Section 505(b)(2) of the FFDCA was enacted as part of the Drug Price Competition and Patent Term Restoration Act of 1984, otherwise known as the Hatch-Waxman Act. Section 505(b)(2) permits the submission of a NDA where at least some of the information required for approval comes from studies not conducted by or for the applicant and for which the applicant has not obtained a right of reference. For example, the Hatch-Waxman Act permits an applicant to rely upon the FDA’s findings of safety and effectiveness for an approved product. The FDA may also require companies to perform one or more additional studies or measurements to support the change from the approved product. The FDA may then approve the new formulation for all or some of the label indications for which the referenced product has been approved, or a new indication sought by the Section 505(b)(2) applicant.
To the extent that the Section 505(b)(2) applicant is relying on the FDA’s findings for an already-approved product, the applicant is required to certify to the FDA concerning any patents listed for the approved product in the FDA’s Orange Book publication. Specifically, the applicant must certify that: (1) the required patent information has not been filed (paragraph I certification); (2) the listed patent has expired (paragraph II certification); (3) the listed patent has not expired, but will expire on a particular date and approval is sought after patent expiration (paragraph III certification); or (4) the listed patent is invalid or will not be infringed by the manufacture, use or sale of the new product (paragraph IV certification). If the applicant does not challenge the listed patents, the Section 505(b)(2) application will not be approved until all the listed patents claiming the referenced product have expired, and once any pediatric exclusivity expires. The Section 505(b)(2) application may also not be approved until any non-patent exclusivity, such as exclusivity for obtaining approval of a new chemical entity, listed in the Orange Book for the referenced product has expired.
If the applicant has provided a paragraph IV certification to the FDA, the applicant must also send notice of the paragraph IV certification to the NDA holder and patent owner once the NDA has been accepted for filing by the FDA. The NDA holder and patent owner may then initiate a legal challenge to the paragraph IV certification. The filing of a patent infringement lawsuit within 45 days of their receipt of a paragraph IV certification automatically prevents the FDA from approving the Section 505(b)(2) NDA until the earliest of 30 months, expiration of the patent, settlement of the lawsuit or a decision in an infringement case that is favorable to the Section 505(b)(2) applicant. Thus, a Section 505(b)(2) applicant may invest a significant amount of time and expense in the development of its products only to be subject to significant delay and patent litigation before its products may be commercialized. Alternatively, if the NDA holder or patent owner does not file a patent infringement lawsuit within the required 45-day period, the applicant’s NDA will not be subject to the 30-month stay.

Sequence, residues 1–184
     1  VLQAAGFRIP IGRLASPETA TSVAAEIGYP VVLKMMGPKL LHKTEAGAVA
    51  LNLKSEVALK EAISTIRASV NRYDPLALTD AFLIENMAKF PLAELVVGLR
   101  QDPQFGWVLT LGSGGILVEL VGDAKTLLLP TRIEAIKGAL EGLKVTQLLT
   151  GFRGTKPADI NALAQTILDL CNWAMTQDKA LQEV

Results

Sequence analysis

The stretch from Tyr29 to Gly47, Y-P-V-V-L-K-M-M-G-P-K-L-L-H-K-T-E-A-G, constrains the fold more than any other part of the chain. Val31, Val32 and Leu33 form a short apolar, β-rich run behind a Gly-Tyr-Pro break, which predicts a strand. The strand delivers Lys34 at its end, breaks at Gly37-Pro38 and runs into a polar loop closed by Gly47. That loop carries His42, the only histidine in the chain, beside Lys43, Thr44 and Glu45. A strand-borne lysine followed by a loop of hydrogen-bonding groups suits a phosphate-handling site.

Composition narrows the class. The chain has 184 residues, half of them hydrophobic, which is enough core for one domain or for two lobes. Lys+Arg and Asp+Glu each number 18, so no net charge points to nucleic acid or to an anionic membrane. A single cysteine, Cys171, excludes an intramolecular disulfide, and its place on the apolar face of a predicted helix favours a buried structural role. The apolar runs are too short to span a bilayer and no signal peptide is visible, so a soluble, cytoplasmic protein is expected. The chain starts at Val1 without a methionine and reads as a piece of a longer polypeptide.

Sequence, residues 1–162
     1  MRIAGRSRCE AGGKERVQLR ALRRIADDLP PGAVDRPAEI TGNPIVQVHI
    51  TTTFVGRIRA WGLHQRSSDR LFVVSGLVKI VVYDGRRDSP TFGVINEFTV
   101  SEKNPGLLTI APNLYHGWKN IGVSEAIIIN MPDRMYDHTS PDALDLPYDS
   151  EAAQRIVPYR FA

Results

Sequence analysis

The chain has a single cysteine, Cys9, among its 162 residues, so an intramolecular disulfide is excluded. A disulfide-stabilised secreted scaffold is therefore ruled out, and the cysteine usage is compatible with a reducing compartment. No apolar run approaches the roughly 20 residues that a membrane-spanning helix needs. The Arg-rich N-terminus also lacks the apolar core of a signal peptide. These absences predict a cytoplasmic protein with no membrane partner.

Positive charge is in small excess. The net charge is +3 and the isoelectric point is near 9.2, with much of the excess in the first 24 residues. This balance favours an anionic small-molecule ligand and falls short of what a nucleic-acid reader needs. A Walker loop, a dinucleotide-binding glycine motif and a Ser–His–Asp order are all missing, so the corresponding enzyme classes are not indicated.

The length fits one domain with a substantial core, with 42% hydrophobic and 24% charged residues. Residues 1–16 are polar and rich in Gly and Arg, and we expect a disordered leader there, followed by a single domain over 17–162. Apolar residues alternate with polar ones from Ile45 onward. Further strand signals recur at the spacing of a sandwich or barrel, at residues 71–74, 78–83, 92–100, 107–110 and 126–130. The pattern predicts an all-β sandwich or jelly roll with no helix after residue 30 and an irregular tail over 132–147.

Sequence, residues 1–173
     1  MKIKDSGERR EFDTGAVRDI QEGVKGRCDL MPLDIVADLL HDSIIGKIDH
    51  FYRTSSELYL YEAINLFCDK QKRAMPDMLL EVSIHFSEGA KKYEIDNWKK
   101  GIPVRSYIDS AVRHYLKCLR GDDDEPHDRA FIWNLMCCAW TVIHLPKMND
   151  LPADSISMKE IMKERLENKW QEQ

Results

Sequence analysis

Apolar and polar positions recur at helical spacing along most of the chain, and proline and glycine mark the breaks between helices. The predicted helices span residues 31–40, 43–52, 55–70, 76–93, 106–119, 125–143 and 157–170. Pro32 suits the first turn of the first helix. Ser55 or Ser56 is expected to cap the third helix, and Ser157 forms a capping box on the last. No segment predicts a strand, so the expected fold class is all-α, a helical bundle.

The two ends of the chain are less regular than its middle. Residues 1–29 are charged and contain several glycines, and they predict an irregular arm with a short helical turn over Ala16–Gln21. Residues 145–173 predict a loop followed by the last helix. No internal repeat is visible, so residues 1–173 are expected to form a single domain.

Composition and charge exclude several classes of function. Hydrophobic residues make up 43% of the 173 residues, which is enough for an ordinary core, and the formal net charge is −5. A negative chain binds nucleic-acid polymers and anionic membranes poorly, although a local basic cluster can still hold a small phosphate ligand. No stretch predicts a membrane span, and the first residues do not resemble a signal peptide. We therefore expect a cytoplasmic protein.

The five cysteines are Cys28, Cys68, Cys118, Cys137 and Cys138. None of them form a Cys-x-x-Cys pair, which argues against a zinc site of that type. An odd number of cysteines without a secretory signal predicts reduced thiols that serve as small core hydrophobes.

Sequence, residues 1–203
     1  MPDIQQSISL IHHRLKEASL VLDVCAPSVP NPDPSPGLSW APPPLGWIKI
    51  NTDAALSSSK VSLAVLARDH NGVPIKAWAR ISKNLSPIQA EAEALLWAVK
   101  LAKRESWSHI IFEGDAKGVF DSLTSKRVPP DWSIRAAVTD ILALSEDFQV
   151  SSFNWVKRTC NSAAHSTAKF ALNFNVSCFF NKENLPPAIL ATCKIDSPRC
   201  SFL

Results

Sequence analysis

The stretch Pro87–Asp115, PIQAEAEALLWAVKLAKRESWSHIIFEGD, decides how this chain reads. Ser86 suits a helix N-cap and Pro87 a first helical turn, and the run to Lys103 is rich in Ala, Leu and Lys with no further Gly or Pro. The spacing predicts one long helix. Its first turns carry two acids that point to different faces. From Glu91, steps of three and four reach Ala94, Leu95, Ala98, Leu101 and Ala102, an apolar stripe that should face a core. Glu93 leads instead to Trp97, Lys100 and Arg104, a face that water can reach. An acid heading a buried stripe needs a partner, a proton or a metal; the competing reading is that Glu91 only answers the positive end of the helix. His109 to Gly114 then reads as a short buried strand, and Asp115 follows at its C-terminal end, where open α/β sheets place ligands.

Notwithstanding the approval of many products by the FDA pursuant to Section 505(b)(2), over the last few years, certain brand-name pharmaceutical companies and others have objected to the FDA’s interpretation of Section 505(b)(2). If the FDA changes its interpretation of Section 505(b)(2), this could delay or even prevent the FDA from approving any Section 505(b)(2) NDA that we submit.
Even if we obtain patents to protect our products, those patents may not be sufficiently broad and others could compete with us.
We have filed various U.S. and foreign patent applications with respect to the products and technologies under our development, and the USPTO and foreign patent offices have issued patents with respect to our products and technologies. These patent applications include international applications filed under the Patent Cooperation Treaty. Our pending patent applications, those we may file in the future and those we may license from third parties, may not result in the USPTO or any foreign patent office issuing patents. Also, if patent rights covering our products are not sufficiently broad, they may not provide us with sufficient proprietary protection or competitive advantages against competitors with similar products and technologies. Furthermore, if the USPTO or foreign patent offices issue patents to us or our licensors, others may challenge the patents or circumvent the patents, or the patent office or the courts may invalidate the patents. Thus, any patents we own or license from or to third parties may not provide any protection against competitors.
Furthermore, the life of our patents is limited. Such patents, which include relevant foreign patents, expire on various dates. We have filed, and when possible and appropriate, will file, other patent applications with respect to our product candidates and processes in the U.S. and in foreign countries. We may not be able to develop additional products or processes that will be patentable or additional patents may not be issued to us. See also “Risk Factors – If We Cannot Meet Requirements Under our License Agreements, We Could Lose the Rights to our Products.”